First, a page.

Sunday, November 9, 2008

Dayspring Musical Cards

I remember being eight years old and wanting desperately to get a musical birthday card. You know, one of those cards that starts playing Happy Birthday every time you open it? I'm not sure why I wanted one so badly, but I begged for one until my aunt Claire finally bought one for me. I still have it to this day, I might add. However, this card has nothing on the shipment of cards that came into work this week.

Imagine a head-on collision between Dayspring and CCM, with a tinny sound quality thrown in for good measure. Enough said?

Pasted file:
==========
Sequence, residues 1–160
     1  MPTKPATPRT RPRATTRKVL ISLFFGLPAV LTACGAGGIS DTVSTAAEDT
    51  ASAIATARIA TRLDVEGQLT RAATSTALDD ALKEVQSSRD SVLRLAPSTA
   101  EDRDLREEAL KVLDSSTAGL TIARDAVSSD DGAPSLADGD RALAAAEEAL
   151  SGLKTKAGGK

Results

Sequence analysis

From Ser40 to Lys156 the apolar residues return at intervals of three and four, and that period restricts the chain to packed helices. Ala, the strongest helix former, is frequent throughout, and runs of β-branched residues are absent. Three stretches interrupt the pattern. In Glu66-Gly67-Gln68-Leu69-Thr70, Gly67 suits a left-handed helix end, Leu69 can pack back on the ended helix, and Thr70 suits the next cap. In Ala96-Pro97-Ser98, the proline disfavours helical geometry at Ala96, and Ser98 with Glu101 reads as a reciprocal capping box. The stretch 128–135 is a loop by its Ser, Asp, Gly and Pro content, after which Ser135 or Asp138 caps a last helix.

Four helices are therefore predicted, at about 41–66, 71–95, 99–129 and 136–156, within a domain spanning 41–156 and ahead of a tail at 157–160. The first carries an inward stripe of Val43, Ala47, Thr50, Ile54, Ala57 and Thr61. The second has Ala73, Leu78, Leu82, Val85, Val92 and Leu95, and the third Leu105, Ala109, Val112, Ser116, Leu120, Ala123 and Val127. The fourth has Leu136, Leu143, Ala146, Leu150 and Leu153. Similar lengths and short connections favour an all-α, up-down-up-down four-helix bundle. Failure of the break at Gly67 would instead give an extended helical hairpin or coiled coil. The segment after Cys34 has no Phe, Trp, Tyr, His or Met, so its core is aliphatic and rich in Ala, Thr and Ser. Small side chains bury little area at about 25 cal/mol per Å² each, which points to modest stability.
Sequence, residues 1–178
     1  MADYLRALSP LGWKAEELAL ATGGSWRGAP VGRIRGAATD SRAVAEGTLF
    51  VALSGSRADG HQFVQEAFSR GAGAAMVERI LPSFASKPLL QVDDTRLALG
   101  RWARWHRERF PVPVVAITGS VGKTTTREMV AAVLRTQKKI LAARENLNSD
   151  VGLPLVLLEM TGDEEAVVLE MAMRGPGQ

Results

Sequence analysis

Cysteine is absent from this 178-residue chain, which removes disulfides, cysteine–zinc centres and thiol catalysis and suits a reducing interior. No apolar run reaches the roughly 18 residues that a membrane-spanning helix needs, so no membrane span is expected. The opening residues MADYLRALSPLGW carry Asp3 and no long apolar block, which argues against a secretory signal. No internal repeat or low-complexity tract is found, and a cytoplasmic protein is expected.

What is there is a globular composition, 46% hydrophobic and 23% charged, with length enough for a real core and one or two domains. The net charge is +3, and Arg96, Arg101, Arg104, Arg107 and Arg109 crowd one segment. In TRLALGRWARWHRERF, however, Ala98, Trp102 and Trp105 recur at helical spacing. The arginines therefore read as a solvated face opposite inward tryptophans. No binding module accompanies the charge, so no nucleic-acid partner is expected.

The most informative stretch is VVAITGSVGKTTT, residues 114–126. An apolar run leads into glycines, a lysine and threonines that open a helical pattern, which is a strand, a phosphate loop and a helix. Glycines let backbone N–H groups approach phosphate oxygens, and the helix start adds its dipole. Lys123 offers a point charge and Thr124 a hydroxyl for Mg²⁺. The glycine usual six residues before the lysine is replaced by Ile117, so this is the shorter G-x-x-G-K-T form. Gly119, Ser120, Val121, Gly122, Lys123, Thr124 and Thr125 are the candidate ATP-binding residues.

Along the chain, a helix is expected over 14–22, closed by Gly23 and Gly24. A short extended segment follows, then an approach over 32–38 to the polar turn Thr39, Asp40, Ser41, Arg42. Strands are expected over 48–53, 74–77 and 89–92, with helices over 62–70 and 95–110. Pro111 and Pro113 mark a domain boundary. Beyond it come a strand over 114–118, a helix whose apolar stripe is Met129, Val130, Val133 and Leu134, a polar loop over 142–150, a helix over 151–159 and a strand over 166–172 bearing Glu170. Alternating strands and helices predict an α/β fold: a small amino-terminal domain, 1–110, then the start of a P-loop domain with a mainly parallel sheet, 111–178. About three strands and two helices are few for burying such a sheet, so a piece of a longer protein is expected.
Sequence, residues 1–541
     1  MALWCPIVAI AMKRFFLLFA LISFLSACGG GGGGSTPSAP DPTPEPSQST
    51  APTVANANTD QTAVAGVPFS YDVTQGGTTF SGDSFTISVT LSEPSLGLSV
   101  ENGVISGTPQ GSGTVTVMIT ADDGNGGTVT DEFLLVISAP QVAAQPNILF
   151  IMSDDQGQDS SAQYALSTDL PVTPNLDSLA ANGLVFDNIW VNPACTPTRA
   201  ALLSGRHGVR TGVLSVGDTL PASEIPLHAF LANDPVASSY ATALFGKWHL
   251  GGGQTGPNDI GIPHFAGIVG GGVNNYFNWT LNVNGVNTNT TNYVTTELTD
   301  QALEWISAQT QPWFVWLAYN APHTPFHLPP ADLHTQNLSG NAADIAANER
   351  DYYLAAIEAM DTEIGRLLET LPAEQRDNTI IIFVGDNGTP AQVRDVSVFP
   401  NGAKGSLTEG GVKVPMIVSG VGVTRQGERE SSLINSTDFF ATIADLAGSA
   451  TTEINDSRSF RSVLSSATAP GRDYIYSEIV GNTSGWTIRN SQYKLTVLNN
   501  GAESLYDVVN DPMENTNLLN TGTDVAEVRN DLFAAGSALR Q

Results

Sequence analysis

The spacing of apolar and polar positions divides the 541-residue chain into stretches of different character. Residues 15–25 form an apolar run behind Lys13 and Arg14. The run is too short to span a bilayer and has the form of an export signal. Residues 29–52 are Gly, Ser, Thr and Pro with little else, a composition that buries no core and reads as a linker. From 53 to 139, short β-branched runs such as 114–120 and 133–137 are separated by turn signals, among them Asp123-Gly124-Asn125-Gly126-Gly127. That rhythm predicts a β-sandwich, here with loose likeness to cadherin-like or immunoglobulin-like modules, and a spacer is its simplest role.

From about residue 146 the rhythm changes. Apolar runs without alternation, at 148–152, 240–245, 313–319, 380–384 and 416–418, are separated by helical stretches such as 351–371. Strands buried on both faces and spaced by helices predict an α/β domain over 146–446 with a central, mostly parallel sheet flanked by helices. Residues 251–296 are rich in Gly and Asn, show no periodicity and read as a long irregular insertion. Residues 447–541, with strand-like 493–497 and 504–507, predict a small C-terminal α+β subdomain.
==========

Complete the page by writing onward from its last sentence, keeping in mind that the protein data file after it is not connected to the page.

For those of you who have been looking for a birthday card that sings Indescribable by Chris Tomlin, look no further. Want an encouragement card that plays some nice, soothing Casting Crowns music? You've got it. Now your friend can praise Him in this storm. As for the friendship card, it doesn't take a genius to figure out that it plays Friends by Michael W. Smith. Because friends are friends forever, if the Lord's the Lord of them. They may never have any contact with each other after graduation or the last day of camp, at least this side of heaven, but they're friends forever. Want to give your significant other a Dayspring card that tells them just how much they mean to you? How about one that plays Kiss Me by Sixpence None the Richer? Is it just me, or should musical cards be limited to jokes. They kind of seem to fall flat on romantic occasions.